Although Turkish football has become a gigantic industry in the last two decades and the clubs have more than enough in their budgets, there is still a lack of talented players at the highest level. An ordinary player in the Turkish Super League is unable to control and pass the ball with sufficient speed and accuracy required at this level.
In addition, due to the Turkish Super League's physical nature, the lack of proper technique is even more apparent and problematic. Unfortunately, the biggest clubs in Turkey do not try to solve this problem by creating good football academies, but importing talented but old players from Europe, who have an incredibly low price/performance ratio. One of the best examples of this issue was on show last Thursday, in the game between Galatasaray and Yeni Malatyaspor. Although the pitch was full of so-called talented players, the quality of football was incredibly low. The long passes were always inaccurate, ball-control was unnatural and stiff, and players could not pass the ball to their teammates without calibrating themselves for three seconds.
Now, since Turkish football is slower than Premier League or La Liga, these issues are not apparent to those who do not watch the game carefully. But those simple mistakes in passing and controlling the ball create a huge difference in terms of the quality of football. Three seconds may not seem crucial to you, but in football losing even a second before passing the ball is the difference between a goal and an offside call. Thus, this is a serious issue and we must return to fundamentals if we want to solve it.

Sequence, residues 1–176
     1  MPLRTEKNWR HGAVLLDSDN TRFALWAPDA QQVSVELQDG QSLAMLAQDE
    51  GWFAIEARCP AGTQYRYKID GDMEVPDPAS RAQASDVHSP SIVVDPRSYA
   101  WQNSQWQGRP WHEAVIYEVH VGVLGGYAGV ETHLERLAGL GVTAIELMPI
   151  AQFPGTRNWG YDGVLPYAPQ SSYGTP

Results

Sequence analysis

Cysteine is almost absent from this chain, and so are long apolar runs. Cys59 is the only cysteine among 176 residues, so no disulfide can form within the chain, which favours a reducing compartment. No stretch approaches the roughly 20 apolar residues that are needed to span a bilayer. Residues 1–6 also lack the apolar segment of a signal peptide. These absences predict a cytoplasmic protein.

I argue that the best way to increase the number of talented players in Turkish football is to directly invest in youth team coaches. As Fanatik columnist Mehmet Demirkol pointed out perfectly, we cannot expect a coach with a minimum salary to raise players worth millions. We need to make youth coaching a center of interest for talented and aspiring coaches. The academy system should not only be a ladder for young footballers but should also be an opportunity for young coaches to prove themselves and make a difference. Nevertheless, no one would risk their precious years for an unpopular project with a minimum salary; the people who run Turkish football need to prove that they care first.
However, with the current disastrous financial form of Turkish football, I think destiny is forcing Turkey to return to the academy system and start building a new way of football. Super League teams cannot afford absurd paychecks anymore, and what this means is that they will look for talents from their own reserves. We should not miss this chance as the next 10 or 15 years of Turkish football depend on the decisions we will make in these years. Turkey can become the next Belgium with lots of talented players and coaches to train even more. But we need to change the import-oriented mentality first before it is too late to recover.
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